A remote engineering team at a multinational pharmaceutical company spun up three AWS EC2 x1e.32xlarge instances in Sydney, Australia for the testing of in-memory databases. At that time, that goliath of an instance cost just over $44 per hour. Three instances operating together cost over $3,000 per day, or around $98,000 per month. These seem like big numbers until you consider that the organization’s monthly cloud bill was over $3,500,000 USD. So, when a change happened to the x1e instances, it would have resulted in a paltry 2% increase in cloud spend and wouldn’t have been easily visible in high-level reporting.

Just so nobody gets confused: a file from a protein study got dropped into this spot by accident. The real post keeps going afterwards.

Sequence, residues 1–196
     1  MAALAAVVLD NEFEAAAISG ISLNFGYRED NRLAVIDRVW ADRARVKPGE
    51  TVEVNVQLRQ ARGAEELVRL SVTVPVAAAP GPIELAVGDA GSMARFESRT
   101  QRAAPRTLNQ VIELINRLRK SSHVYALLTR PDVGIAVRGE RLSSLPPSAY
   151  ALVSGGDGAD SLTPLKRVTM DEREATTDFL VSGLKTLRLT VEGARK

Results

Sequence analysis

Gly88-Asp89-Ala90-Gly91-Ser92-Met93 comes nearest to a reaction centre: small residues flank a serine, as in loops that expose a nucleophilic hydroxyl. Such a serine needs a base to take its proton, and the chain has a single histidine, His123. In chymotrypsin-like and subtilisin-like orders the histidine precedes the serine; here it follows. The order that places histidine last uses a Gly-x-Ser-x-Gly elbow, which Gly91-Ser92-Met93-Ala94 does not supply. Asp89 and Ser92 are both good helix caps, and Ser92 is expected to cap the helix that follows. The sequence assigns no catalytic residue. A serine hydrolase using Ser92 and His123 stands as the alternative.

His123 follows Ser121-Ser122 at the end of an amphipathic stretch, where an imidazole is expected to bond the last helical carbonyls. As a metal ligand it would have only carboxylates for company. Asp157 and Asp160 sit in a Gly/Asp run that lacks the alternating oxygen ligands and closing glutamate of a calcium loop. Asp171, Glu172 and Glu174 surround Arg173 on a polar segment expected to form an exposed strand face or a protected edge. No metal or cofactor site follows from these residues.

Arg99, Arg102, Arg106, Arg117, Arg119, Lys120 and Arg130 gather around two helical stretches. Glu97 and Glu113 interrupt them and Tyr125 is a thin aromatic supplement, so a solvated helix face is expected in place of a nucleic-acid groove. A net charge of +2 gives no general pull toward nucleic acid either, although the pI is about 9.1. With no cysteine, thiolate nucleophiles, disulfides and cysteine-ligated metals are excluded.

Potentially further obscuring this spend anomaly, the central team had just purchased RIs for another set of machines, a transaction that effectively canceled out the spend delta of the new EC2 x1e’s. However, because the FinOps team had machine learning–based anomaly detection for their cloud costs, they found out about the use of the large instances the same day, and could have an immediate conversation about whether or not so much horsepower was needed. Unsurprisingly, it turned out that it was not.
Examples of this kind of setup might best relate to companies with a much more advanced FinOps maturity. FinOps teams at earlier stages of maturity might aim for simple daily spend visibility that shows teams their respective spend. Even that amount of visibility still begins to influence their behavior accordingly.